Wake Up, Philippines!

Resolution in Governance

Posted in Governance by Erineus on February 11, 2009

IN the end, a governance scorecard, as a tool for performance monitoring and as a prod for making necessary adjustments, is mainly about taking the next necessary steps. It is about making resolutions and then carrying them out as quickly and as effectively as possible. It is about keeping our commitments fresh and operative. It is about producing breakthrough results.

This has been our bane. We start with grandiose hopes. We make splashy announcements about the programs of action we aim to undertake. We meet obstacles along the way. We lose heart. We let slip from our radar screens the commitments we made to produce results. We end up with very little positive results from the programs of action we had announced. They end up, with no fanfare whatsoever, in the dustbin of history.

For our nation’s sake, we have to do everything possible to do things differently. Based on regular performance reports, we need to determine what we did badly, what we left undone, and what we could have done much better. The first two of these are straightforward: We make a checklist of the corrective actions we must take and then make sure someone is responsible for doing them. The third requires a bit more thinking: There can be a thousand and one ways of doing things better. Are we getting stuck in routine? Have we allowed ourselves to fall into a rut? Are we getting so thick in the head that we are failing to take advantage of opportunities opened up for us? Are we spending too much time on matters that have little relevance to the strategic priorities already laid out? The questions are endless. They can go on and on. However, we should quickly get the drift of these questions and start making fresh resolutions.

Experience has shown, however, that resolutions are broken almost as soon as they are made. The trick, then, lies in the frequency with which we do reviews, which are the occasions for making a fresh determination and renewed commitment to action. Strategic reviews are long and detailed once a year. A shorter, more sharply focused version is best once a quarter. Performance reviews are de rigueur once a month. However, the closer we are to home, the more frequent are the performance reviews. At the unit level, ideally they are done weekly. At the personal level, ideally they are done daily. All these need not take too much time. For instance, the daily performance review at the personal level should take no more than three minutes, preferably towards the end of the day.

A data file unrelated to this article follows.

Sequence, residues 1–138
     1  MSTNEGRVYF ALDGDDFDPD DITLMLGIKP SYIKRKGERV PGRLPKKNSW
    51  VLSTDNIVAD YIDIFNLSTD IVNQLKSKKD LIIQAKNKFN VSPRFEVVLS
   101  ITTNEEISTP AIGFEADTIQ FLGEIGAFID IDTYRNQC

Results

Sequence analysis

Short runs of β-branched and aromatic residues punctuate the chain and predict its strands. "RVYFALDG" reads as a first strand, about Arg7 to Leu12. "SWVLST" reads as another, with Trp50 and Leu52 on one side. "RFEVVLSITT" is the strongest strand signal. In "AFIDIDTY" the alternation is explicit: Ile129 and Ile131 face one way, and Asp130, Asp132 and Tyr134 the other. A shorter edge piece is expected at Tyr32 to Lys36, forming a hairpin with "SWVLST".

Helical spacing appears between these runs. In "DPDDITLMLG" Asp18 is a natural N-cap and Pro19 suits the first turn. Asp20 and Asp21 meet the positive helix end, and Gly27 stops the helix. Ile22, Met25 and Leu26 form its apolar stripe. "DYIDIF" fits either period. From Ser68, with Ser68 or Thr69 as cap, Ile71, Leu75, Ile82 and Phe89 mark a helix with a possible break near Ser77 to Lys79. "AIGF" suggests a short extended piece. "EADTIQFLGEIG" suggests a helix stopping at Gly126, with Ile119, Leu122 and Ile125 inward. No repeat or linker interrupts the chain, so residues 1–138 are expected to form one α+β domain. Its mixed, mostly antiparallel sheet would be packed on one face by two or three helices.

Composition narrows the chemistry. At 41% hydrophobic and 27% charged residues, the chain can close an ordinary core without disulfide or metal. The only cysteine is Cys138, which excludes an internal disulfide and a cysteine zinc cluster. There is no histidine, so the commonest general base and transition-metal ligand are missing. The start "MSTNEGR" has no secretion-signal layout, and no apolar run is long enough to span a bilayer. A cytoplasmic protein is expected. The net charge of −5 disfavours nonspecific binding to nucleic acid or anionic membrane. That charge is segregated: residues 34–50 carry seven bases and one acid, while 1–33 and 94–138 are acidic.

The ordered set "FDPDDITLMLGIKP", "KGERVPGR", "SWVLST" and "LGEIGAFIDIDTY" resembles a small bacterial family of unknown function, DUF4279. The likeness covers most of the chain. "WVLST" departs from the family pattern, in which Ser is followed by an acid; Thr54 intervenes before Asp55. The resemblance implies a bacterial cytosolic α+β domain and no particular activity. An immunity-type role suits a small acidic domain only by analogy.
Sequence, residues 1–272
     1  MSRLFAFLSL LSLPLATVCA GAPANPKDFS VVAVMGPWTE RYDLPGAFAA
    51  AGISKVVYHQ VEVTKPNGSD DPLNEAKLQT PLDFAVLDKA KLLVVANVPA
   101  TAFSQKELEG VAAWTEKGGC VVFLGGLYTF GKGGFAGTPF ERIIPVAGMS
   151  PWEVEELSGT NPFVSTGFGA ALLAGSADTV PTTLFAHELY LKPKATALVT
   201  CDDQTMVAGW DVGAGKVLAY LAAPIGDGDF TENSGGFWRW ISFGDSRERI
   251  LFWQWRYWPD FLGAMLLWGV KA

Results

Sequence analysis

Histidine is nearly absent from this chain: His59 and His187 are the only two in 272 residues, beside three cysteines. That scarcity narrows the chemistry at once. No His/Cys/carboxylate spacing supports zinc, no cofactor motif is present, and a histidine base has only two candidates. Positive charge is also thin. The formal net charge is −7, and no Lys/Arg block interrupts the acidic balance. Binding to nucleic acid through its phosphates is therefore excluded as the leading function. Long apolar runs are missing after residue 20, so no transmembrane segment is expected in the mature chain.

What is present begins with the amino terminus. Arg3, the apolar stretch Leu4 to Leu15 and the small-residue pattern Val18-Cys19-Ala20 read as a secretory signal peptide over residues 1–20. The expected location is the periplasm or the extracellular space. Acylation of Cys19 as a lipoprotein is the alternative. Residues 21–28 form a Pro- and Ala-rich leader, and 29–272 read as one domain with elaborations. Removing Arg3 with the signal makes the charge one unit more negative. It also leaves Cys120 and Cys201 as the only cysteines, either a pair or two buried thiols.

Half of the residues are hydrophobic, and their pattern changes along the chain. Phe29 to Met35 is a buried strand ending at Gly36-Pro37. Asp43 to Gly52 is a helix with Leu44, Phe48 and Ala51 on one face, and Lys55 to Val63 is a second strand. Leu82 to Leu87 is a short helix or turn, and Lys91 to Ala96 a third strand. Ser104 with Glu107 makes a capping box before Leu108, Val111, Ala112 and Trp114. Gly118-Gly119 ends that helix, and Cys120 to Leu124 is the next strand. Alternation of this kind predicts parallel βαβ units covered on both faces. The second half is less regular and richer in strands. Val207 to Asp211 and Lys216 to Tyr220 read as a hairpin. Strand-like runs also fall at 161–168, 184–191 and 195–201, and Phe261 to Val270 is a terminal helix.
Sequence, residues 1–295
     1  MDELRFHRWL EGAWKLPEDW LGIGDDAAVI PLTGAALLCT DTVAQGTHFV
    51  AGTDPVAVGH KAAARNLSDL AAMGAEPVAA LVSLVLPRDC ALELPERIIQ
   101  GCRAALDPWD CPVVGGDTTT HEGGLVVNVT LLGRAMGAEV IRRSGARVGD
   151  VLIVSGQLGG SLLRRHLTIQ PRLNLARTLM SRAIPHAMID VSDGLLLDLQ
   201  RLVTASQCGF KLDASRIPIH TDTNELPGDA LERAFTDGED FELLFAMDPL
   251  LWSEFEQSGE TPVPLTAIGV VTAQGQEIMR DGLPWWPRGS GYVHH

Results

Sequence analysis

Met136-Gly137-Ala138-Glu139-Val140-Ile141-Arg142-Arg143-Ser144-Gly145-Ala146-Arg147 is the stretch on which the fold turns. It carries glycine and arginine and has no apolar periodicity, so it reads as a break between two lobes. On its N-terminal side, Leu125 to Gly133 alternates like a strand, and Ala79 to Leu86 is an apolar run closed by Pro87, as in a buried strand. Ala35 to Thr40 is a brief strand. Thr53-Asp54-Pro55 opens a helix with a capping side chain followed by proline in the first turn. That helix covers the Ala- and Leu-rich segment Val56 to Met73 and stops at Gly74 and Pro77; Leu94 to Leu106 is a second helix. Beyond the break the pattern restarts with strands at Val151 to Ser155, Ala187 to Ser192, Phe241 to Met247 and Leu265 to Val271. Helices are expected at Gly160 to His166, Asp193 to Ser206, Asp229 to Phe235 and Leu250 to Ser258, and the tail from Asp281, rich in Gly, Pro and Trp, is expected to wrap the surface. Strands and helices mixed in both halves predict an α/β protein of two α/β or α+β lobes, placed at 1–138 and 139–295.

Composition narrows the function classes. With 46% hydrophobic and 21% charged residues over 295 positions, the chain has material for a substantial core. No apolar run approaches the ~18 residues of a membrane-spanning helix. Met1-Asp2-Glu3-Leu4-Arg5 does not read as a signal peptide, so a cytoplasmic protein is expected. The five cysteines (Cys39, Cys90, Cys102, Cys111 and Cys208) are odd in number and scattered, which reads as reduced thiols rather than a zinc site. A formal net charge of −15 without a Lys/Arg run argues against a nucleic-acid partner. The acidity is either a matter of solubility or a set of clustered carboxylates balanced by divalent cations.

Who among those running for president in 2010 would have the ability, willingness, and determination to take on such a systematic approach towards undertaking performance reviews, which are the occasions for making resolutions and then acting on them? Who would have the patience to use the governance scorecards as tools for acting on the resolutions made? Who would have the character and stamina for rallying the people working at different levels of government as well as the different citizens’ groups so they do their utmost best to keep their resolutions and act effectively on them? Who would punish those who constantly fail? Who would reward those who turn in sterling performance habitually?

We need to put in place an accountability system, which rewards and punishes fairly and positively. This is necessary for governance scorecards to help us achieve breakthrough results. We also need a system to help us keep our resolutions and act on them. This is essential for us to get out of the bane that has been bringing us down perennially, and for us to achieve the boon that can bring us up at last.

Who among those running for president is most likely to put in place such an accountability system? Who would be the most committed to put in place a system to help us all to carry out our resolutions?

Author: Dr. Jesus P. Estanislao
Source: http://www.mb.com.ph/archive_pages.php?url=http://www.mb.com.ph/issues/2009/02/07/OPED20090207147528.html

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